1. Don’t be afraid to ask friends and family for funding when you start out.
2. Be really careful about who you take money from because that plays a huge role. Look for red flags like cynicism or disrespect in your first meeting. Are they asking you defensive questions or optimistic questions? They should be asking how big the business could be and not if you have a male co-founder
3. As CEO and co-founder, you spend a lot of time fundraising. Ask other founders, what their experience has been with investors.
Are you better off taking a lot of money from a few people, or a little money from many people?
A smaller number of people giving you lots of money, but you need the right people to guide you through your journey and not just throw capital at you. Its not about the number of people as much as the value of their mentorship
How involved should an investor be in your business?
Involvement is a double edged sword and its important to be careful how much involvement you want in your business. Make sure you drive the relationship with your investor, not the other way around. Investors that pick up a huge stake in your business, also become your strategic advisors and mentors, but make sure who those investors are and what role they can play for you.
How do you retain confidence in your product when investors ask you the hard questions?
Conviction and persistence. Have faith in yourself, act on the problem instead of reacting to it. In an entrepreneurs journey on the funding ladder, the lower rung investors or angel investors usually look at founder personality more than the product. They are investing more in you than your product. Once you create that confidence in yourself a VC at the higher rung of the ladder can see that idea and fuel it with more funding, technology and marketing savviness. But being who you are, having that confidence and credibility in not just your product but also yourself is very important.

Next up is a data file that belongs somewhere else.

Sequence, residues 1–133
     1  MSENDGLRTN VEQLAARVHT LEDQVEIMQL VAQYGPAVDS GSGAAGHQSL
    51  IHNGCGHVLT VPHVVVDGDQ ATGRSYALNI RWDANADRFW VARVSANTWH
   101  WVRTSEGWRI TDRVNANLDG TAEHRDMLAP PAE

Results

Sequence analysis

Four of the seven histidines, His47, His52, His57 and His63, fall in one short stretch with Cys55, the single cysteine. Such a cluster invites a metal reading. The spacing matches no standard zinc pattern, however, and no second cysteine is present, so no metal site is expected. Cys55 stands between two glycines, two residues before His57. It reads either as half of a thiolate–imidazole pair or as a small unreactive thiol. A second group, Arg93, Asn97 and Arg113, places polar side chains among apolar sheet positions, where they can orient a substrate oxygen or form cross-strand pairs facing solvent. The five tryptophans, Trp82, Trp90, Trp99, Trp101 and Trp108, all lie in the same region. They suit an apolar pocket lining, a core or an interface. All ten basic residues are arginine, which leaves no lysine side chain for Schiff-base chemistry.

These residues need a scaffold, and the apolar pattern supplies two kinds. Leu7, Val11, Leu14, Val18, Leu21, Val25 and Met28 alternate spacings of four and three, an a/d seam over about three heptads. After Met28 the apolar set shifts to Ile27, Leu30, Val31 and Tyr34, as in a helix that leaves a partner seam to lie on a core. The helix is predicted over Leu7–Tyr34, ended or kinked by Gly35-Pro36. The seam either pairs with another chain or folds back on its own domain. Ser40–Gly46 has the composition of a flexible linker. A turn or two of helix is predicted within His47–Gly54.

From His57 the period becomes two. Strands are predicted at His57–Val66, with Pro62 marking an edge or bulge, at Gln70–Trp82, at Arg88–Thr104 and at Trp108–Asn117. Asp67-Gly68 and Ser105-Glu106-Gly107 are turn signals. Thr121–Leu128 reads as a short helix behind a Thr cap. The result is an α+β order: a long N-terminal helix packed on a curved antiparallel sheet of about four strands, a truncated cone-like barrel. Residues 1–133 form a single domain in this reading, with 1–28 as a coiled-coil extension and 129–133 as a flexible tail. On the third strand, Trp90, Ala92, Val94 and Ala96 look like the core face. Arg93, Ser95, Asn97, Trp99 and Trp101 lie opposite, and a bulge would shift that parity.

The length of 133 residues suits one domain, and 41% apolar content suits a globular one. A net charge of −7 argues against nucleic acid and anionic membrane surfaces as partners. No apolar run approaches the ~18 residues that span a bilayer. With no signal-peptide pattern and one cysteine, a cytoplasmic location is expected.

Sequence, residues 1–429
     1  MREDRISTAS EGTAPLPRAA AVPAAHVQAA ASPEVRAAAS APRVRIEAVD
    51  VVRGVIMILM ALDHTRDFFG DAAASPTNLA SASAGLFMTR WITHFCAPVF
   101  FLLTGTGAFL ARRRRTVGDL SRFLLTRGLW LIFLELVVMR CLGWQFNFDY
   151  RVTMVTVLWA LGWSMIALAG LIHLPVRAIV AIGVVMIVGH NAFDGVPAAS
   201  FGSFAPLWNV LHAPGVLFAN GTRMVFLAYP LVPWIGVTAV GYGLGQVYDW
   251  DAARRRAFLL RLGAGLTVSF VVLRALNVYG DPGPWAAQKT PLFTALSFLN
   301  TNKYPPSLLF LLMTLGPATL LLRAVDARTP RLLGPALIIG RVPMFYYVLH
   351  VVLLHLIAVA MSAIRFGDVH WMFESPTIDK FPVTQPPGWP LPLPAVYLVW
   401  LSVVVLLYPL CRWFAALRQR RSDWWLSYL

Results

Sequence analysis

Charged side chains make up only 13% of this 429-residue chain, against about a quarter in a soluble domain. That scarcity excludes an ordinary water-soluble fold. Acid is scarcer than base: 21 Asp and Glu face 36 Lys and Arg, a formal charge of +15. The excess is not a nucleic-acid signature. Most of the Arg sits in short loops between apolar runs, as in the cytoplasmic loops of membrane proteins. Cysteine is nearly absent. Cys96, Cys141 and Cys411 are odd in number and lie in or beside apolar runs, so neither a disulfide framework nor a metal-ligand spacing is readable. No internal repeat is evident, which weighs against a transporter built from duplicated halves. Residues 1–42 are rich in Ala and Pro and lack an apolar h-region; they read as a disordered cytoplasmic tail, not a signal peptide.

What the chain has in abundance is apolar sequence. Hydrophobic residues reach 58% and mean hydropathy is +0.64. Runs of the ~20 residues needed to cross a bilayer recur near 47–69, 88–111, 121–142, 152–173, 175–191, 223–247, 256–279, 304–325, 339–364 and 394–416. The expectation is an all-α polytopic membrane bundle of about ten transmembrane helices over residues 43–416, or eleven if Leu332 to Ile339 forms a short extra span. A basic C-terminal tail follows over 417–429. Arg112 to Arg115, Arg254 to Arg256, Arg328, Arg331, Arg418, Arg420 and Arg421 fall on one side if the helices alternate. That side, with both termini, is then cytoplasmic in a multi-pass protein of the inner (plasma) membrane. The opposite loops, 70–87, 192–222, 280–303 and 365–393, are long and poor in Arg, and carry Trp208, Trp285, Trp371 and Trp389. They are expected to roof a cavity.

“You have an idea and you run it without any savvy technology or funding and its sort of making some waves, a VC will come along and say – Wow, imagine if I funded it with technology and marketing savviness, what could happen?”
At what stage should I raise funds?
"It depends. But you really get the big bang for the buck when you’ve taken the idea and already started making it work" - Anjali Singh, angel investor
“ We raised $5 million dollars on a pdf.” – Lizzie, founder
“We invested in a company seeing just a power point” – Sid, investor
How much of my business should I give up?
The obvious answer: As little as possible. Below 20% when you start with, but the bigger you get the easier it gets. Don’t worry about hearing no from them – just ask.
To summarise, have faith and conviction in yourself and your product. Don't let financials overwhelm you and build your network. Don’t be afraid of the boys club. As your enterprise matures, choose your mentors and don't be afraid to ask for advice. Societal expectations and norms keep women from dreaming, don’t let that happen. Women up!
Anjali Singh on takeaways: https://lnkd.in/evtdpUpk
Lizzie Chapman on Funding: https://lnkd.in/ebti8WN5
Ahana Gautam on changes : https://lnkd.in/exMTkYDK